Overcoming Obstacles To Business Growth
What’s holding your small business back from growth? According to a survey of small business owners by Hiscox, 31 percent of entrepreneurs are hampered by government regulations, 23 percent cite a lack of available funding or support, 12 percent have trouble finding the right employees and 8 percent have been held back by natural disasters such as hurricanes or floods.
Legal issues plague other entrepreneurs—13 percent have been sued by an employee, vendor or customer. Almost half of those say the lawsuit hurt their businesses financially (29 percent), caused the loss of customers (13 percent) or hurt their reputation (12 percent).
Surprisingly, given recent headlines about data breaches and hacking, just 4 percent of the small business owners surveyed are concerned about data or security breaches potentially exposing their data or hurting their sales.
How can small business owners get around these obstacles?
Make your voice heard. Learn who your state and local representatives are, and make your views known to them. Join and support small business organizations that share your views and work for change. The squeaky wheel gets the grease.
Explore your financing options. The time to look into finding financing is before you need it—not when you’re in a cash crunch. Talk to your business banker regularly about growth plans, how much capital they’ll require and how the bank can help you.
Cast a wider net. If you can’t find employees with the skills you need, tap into local colleges, universities and adult education programs. Consider hiring virtual employees or outsourcing to independent contractors. Reach out to all your contacts—professional and personal, online and offline.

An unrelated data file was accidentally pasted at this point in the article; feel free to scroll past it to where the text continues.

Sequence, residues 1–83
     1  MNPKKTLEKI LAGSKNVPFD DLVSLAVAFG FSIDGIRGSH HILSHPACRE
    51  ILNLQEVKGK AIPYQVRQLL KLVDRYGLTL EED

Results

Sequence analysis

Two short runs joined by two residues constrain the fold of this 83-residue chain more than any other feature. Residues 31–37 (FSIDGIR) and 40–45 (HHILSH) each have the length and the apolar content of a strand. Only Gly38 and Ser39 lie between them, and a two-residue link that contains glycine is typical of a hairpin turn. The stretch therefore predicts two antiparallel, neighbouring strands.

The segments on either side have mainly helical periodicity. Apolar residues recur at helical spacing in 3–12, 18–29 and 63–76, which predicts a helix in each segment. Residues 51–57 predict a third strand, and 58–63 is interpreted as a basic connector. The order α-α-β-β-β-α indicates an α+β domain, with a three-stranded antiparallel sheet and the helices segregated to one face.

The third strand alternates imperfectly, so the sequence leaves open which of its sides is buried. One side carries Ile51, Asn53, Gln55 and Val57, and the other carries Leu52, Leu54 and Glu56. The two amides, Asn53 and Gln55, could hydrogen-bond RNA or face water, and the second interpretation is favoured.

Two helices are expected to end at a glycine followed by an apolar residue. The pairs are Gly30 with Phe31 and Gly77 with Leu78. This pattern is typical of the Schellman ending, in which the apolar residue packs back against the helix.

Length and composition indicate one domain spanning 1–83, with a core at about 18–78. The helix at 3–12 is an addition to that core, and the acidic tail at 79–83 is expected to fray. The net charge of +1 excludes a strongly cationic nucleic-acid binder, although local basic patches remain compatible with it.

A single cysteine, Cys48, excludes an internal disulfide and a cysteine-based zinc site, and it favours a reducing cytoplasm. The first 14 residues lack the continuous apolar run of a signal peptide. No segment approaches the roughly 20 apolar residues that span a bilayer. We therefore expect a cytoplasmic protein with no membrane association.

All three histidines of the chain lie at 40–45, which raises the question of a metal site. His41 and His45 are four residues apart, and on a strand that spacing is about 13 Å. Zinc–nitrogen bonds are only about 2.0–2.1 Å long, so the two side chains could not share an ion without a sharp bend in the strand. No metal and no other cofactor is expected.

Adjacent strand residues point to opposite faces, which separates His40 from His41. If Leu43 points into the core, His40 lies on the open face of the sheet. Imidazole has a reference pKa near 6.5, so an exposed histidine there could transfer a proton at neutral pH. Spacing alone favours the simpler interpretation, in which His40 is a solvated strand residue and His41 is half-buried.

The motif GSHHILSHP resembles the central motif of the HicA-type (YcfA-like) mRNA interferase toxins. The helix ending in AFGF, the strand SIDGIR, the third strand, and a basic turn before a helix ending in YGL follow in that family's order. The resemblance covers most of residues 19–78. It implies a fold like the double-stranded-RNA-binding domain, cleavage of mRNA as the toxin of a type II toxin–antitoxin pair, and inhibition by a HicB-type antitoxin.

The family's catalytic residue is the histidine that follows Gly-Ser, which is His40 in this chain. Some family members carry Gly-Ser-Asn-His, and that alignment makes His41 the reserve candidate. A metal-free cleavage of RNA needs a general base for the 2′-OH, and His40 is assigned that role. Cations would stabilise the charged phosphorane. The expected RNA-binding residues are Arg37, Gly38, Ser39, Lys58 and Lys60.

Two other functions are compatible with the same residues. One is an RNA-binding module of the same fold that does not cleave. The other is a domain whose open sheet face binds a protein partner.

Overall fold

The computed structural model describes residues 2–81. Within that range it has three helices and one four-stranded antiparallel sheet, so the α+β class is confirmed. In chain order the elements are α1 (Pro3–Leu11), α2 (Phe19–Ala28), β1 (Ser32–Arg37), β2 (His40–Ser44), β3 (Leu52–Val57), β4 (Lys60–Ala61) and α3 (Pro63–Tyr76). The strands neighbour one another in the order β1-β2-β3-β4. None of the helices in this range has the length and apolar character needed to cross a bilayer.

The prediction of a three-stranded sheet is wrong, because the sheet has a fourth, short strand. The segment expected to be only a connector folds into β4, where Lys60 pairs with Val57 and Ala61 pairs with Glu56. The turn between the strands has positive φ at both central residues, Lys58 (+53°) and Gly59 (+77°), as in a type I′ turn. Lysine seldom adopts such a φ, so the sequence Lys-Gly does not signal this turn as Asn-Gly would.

Plan for disasters. Develop a disaster plan so you’re prepared for emergencies big and small. Ready.gov is a great resource for this.
Protect your business. Insurance can protect your business against lawsuits, disasters, theft and more, but only if you’ve got the insurance you need. Make insurance a financial priority, and meet with your insurance agent annually to review and update your coverage.
Protect your data. If a security breach can happen to a huge corporation like Target, it can certainly happen to your small business. Put processes and systems in place to secure your company’s and customers’ key data and make sure that employees understand and follow those rules. There’s even specialized insurance available to protect against data breaches too.
Challenges aren’t dampening small business owners’ spirits, though. In spite of the obstacles they face, 93 percent of entrepreneurs in the survey say confidence is key to helping them succeed.
Meeting with a SCORE mentor can boost your business confidence by giving you the foundation you need to succeed. Don’t have a mentor? Visit www.score.org to get matched with one today.